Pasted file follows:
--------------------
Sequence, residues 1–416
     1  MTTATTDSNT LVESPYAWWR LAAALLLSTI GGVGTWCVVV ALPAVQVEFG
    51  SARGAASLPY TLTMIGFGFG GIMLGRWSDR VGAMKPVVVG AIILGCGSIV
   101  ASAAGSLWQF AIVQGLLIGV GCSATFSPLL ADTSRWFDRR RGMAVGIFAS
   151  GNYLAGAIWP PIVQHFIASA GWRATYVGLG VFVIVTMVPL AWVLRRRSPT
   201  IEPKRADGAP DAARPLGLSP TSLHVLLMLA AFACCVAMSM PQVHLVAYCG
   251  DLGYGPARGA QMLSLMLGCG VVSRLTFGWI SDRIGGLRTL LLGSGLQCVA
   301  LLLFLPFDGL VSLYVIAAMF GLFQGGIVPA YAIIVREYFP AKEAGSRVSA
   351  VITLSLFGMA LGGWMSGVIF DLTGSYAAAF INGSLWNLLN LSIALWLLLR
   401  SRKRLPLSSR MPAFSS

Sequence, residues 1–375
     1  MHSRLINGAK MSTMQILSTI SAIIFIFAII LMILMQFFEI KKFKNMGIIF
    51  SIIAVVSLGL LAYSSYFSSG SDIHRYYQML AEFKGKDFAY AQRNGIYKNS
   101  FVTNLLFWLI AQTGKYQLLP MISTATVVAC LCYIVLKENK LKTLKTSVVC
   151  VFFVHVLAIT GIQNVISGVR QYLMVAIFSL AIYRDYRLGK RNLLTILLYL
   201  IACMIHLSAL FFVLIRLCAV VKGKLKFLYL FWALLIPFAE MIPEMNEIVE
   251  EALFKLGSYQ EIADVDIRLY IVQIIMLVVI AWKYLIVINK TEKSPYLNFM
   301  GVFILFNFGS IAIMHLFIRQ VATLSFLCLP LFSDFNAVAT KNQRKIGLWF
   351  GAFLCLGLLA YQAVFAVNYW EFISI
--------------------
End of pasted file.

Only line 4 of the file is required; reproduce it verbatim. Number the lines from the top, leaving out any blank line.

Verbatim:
   101  ASAAGSLWQF AIVQGLLIGV GCSATFSPLL ADTSRWFDRR RGMAVGIFAS